Power Splits

Power Splits

pawer splitz

noun, verb

Power splits are the differences in power output between two legs of a Duathlon.

Example usage: 'I'm working to improve my power splits in the run/bike transition of the Duathlon.'

Most used in: Duathlon races around the world.

Most used by: Duathlon cyclists looking to improve their performance.

Popularity: 8/10

Comedy Value: 4/10

Also see: Watts per Kilometer, Normalized Power, Intensity Factor, Training Stress Score,

What are Power Splits?

Power splits are a measure of cycling efficiency used to compare the performance of a cyclist over a given distance. It is calculated by dividing the total distance ridden by the total amount of power output, measured in watts. This figure provides an indication of how efficiently a cyclist is pedaling and can be used to assess their performance over a period of time.

Power splits are used to identify weaknesses in a cyclist's riding technique, allowing them to make adjustments and improve their performance. They can also be used to compare the performance of different cyclists, as the power split figure can be used to assess the overall efficiency of a rider.

The average power split for a cyclist is around 200 watts per hour, with some professional cyclists reaching up to 400 watts per hour. Higher power splits indicate better performance and greater efficiency, while lower power splits indicate a need for improvement.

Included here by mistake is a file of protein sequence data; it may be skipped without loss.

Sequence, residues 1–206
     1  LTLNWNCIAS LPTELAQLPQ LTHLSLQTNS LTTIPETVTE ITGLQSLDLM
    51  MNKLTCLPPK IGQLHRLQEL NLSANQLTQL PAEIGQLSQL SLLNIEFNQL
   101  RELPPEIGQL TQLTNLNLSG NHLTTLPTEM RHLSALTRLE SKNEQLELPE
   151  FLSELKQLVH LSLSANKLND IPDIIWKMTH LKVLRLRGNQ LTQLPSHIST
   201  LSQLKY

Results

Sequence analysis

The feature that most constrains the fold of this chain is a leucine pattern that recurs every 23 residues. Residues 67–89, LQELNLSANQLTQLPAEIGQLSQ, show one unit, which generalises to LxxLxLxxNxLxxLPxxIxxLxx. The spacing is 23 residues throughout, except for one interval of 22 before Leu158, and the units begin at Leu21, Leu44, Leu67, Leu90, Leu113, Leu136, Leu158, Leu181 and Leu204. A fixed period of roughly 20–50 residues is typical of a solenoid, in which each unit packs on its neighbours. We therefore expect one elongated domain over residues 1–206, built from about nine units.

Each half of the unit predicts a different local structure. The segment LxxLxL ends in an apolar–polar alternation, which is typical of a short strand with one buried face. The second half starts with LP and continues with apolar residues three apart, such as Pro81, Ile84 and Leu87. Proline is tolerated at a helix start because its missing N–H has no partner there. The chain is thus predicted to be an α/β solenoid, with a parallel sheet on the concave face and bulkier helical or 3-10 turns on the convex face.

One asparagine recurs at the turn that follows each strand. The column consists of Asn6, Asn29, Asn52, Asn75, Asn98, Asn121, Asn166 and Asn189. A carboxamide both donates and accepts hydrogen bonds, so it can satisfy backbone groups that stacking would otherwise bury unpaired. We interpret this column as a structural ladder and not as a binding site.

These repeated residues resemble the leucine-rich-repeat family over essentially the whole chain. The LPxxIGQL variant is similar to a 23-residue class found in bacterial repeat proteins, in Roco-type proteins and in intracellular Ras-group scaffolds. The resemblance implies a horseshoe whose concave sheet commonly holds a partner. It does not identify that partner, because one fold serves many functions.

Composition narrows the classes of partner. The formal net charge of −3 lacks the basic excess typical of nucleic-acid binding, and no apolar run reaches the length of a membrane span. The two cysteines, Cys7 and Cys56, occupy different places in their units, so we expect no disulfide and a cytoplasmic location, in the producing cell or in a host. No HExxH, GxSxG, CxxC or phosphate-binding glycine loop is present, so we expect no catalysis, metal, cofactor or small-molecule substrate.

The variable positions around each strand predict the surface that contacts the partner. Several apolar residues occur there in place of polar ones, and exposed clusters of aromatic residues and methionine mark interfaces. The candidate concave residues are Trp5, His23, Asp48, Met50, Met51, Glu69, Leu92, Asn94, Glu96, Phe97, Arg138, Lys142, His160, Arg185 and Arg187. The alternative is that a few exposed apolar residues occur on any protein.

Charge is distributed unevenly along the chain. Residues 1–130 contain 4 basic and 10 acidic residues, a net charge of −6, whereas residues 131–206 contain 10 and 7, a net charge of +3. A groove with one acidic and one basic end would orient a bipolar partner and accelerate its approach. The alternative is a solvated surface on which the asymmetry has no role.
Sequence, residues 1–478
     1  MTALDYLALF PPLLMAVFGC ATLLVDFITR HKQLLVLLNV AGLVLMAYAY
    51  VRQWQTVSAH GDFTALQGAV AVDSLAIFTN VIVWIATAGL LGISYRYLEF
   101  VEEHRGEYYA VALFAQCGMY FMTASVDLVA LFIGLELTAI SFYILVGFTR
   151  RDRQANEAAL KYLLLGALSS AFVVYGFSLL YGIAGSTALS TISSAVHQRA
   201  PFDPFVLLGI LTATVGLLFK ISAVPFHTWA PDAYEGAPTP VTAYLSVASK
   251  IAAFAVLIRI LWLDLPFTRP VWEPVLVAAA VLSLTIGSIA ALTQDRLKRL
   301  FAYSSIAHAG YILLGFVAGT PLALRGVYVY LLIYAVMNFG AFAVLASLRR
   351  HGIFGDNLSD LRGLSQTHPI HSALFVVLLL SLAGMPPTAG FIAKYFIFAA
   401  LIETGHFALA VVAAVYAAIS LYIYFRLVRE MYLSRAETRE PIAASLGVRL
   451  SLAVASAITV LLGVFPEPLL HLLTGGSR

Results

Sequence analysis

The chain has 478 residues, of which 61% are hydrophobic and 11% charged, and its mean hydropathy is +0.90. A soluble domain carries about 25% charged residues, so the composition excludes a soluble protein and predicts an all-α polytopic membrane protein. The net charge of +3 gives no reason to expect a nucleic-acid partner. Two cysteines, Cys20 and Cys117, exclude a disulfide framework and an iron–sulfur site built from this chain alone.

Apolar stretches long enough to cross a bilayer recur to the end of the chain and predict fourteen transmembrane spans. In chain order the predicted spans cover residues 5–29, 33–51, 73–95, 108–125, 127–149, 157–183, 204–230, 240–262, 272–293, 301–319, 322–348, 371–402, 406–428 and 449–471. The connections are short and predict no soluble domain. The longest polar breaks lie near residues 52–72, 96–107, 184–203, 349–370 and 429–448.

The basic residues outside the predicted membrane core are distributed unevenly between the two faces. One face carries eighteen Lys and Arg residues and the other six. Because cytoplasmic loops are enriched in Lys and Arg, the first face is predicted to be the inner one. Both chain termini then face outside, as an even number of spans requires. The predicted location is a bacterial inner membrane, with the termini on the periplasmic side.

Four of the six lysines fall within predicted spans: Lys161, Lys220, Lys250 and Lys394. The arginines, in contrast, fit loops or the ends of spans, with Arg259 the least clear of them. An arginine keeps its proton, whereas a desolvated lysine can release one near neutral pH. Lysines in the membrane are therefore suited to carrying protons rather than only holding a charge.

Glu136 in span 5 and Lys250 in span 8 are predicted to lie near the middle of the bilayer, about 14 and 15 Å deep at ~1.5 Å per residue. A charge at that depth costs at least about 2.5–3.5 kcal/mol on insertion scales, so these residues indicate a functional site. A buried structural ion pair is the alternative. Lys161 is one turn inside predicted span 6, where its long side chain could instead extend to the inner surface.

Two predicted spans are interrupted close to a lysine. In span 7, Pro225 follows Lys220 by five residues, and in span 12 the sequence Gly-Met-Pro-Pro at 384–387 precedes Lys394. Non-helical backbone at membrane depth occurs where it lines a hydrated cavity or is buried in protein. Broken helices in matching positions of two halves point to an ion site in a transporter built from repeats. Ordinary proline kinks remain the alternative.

Power splits can be used to assess a cyclist's performance over a given distance, as well as to compare their performance to other cyclists. Knowing the power split can provide an indication of how efficiently a cyclist is pedaling and can be used to help identify weaknesses in their riding technique.

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The Origin of the Cycling Term 'Power Splits'

The cycling term 'power splits' originated in the early 1980s in the United States. It was initially used to refer to the practice of cyclists pushing themselves to the limit in order to gain an advantage in competitive races. The term was derived from the idea of 'splitting' the race into two distinct sections - an initial sprint to gain an advantage and then a second portion of the race where cyclists would push themselves to the limit in order to maintain the advantage.

The term was popularized in the mid-1980s by cycling teams that had adopted the practice of pushing themselves to the limit in order to gain an advantage in races. The practice of power splits quickly gained traction and was adopted by many professional cyclists and cycling teams around the world.

Today, the term 'power splits' is used to refer to the practice of pushing oneself to the limit in order to gain an advantage in competitive races. It is still widely used by professional cyclists and cycling teams around the world.

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